Team In Training: 60 TNT people ran this race, either the half or the full. Together, they raised $120,000 for blood cancer research. This benefits leukemia and lymphoma, and also myeloma, which is my particular interest.
By the way, I visited Mayo Clinic last Thursday and my "M-Spike" (key cancer marker) was 0.9 again, so my myeloma seems to be stable. Stable is good. If (when) it starts to increase, then we need to figure out a new treatment, which I probably won’t like even as much as this one. But that future will take care of itself.
The Denver Marathon:
- 1924 souls ran the full and 4480 ran the half marathon.
- We all started at once, so the first mile or two were a bit congested, but I did OK anyway. The half marathon splits off from the marathon at about mile 12.
- Quality was about average for a marathon this size:
- Registration didn’t respond to our questions in a timely fashion, though we did solve our problem another way.
- Spectators were relatively scarce for a race of 6400 runners.
- Aid stations were a little disorganized - I missed the second aid station because I drink water instead of sports drink and I didn't find water on my side of the road.
- Good stuff:
- All roads, no trails, plenty wide for the runners after a mile or two.
- Start time was 7:00 am. VERY GOOD DENVER MARATHON! An early start paid off today for many of the runners, because the temp rose at a rate of at least six degrees per hour.
- There was a fair amount of shade.
- The expo included all of the usual exhibitors.
- The finish area was very nice, with tents full of goodies set up by several vendors, available to runners and public.
Weather: Temp was 50 at the start - perfect. For the fastest runners the temperature was no problem. But for me, it was 81 and sunny at the finish, about 12:20 pm. I don’t run well at 81 degrees. Calves cramped up after mile 20 or so, especially the left, and quads were sore too. I actually had to walk most of the last three or four miles, and the splits show it. Factoid: A week ago Denver logged a record LOW for that day, and today the temperature reached 84, a record high.
My little problems:
- This marathon took 25 minutes longer than the Twin Cities Marathon two weeks ago. Why?:
- (1) Denver is a mile high, and the difference in oxygen supply really can’t be ignored. I also ran too long in Deadwood, another mile-high city;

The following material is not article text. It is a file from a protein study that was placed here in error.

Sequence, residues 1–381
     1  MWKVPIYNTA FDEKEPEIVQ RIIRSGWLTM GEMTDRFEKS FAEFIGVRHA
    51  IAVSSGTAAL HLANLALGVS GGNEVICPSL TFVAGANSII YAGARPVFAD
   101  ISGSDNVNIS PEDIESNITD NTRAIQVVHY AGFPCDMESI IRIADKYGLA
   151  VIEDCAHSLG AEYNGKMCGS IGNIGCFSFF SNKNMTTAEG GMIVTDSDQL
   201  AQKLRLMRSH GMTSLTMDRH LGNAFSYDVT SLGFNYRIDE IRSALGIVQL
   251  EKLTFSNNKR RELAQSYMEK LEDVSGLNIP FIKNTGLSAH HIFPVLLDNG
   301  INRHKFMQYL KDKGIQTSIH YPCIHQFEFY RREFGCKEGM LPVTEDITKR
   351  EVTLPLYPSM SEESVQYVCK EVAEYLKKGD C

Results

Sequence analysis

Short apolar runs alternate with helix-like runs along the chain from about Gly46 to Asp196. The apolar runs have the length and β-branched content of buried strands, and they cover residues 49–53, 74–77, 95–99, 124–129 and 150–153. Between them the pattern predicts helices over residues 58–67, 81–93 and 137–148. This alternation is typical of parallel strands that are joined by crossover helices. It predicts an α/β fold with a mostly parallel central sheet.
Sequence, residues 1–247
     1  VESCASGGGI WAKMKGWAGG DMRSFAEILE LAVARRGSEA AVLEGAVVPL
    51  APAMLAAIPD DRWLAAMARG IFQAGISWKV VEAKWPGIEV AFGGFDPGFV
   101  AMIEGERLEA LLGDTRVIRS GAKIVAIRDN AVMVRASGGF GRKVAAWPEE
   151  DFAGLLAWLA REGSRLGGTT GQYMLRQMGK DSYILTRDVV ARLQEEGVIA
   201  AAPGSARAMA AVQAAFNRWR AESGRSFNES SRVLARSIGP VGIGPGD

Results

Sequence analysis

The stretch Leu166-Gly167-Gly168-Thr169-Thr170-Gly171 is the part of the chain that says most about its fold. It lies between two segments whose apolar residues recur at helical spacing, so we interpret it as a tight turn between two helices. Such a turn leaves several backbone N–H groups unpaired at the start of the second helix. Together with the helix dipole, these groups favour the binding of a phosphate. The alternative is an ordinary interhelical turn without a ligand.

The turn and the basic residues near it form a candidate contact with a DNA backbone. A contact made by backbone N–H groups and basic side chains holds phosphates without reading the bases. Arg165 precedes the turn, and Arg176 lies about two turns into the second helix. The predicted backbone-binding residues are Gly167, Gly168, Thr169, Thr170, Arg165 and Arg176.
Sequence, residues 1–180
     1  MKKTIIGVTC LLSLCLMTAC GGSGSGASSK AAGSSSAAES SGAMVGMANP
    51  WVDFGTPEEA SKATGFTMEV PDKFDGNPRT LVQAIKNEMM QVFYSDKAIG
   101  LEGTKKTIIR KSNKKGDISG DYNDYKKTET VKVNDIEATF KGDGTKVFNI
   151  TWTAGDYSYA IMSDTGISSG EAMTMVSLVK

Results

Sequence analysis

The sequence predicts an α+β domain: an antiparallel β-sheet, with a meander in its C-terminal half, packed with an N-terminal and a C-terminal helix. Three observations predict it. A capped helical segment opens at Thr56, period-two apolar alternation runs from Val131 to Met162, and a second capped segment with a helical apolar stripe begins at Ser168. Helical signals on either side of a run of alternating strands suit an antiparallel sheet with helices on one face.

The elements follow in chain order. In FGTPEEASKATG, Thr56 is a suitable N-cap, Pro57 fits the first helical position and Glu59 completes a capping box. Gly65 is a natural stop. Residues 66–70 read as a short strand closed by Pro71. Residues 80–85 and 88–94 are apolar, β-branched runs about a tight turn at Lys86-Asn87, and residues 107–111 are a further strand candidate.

- (2) The temperature was definitely a factor; PERFECT at TCM and way too hot here; and
- (3) I ran a marathon just two weeks ago. Duh. Much as I don’t want to believe it, I probably don’t recover as quickly as I once did, since I’m 68 and on cancer meds.
- My legs let me down: Hip flexors started to yell at about mile 7, and that became pain in the quads toward the end. Calves, especially the left, threatened to cramp up at about mile 20 and beyond. In the last four miles this threat became reality and I was reduced to walking most of the time, occasionally stopping to stretch against a stop sign. This combo of quads and calves was quite painful after the finish; usually my aching muscles recover somewhat within minutes of the finish, but today they actually seemed to get worse. The walk to the car was torture, though it started to improve as soon as I sat down.
- But: No knee or hip pain, no comment from the Achilles' tendons! Just muscles and maybe ligaments, which will recover better than before.
- Hydration: I did it right! Runners ALWAYS finish a marathon dehydrated, because the stomach just won’t take fluids fast enough. But I peed within two hours of finishing, a very good sign. Yes, runners actually do talk about that stuff, and the other stuff too.
- Nutrition: I took five Clif Shot gels along the way, each of them with 50 mg caffeine, and five electrolyte packets containing 440-mg of salt with a little potassium and calcium.
- Sun screen: I used it before the race and was mighty glad because I got a little burn anyway.
I’m happy. Another state logged and we had a good time. Great to be home!
We seem to bring bad luck to the marathons we run, such as:
- Today's record high in Denver;
- Black-flag (hot) at two of the last three Grandma’s Marathons, plenty warm at the other one too;
- Record low temperature at the Deadwood Mickelson Marathon this year;
- Amazing rainfall (from hurricane Ike leftovers) at the 2008 Lewis & Clark Marathon, drowning part of the course and causing the race to be CANCELLED during the running;
- A house fire on the race course in the 2008 Flying Pig Marathon, requiring the race organizers to re-route the course as the race was under way! They rose to the challenge, although the new course increased the distance a little and must have disappointed those who almost qualified for Boston;
- Record high temperature at the 2007 Chicago Marathon which, along with race-management ineptitude, caused that race to be CANCELLED during the running;
- There are more, but you get the idea.
Splits: 11:06, 10:55, 44:39 (4 mi), 11:21, 22:43 (2 mi), 11:52, 14:58 (potty stop), 11:11, 11:25, 12:28, 10:22, 23:05 (2 mi), 35:58 (3 mi), 12:22, 11:31, 13:24, 29:17 (2 mi), 14:11, 2:36 (0.22 mi), total 5:15:24, pace 12:02. I fell behind the 5:00 pace team, but stayed ahead of the 5:30 pace team. It’ll have to do. Next marathon will be at sea level!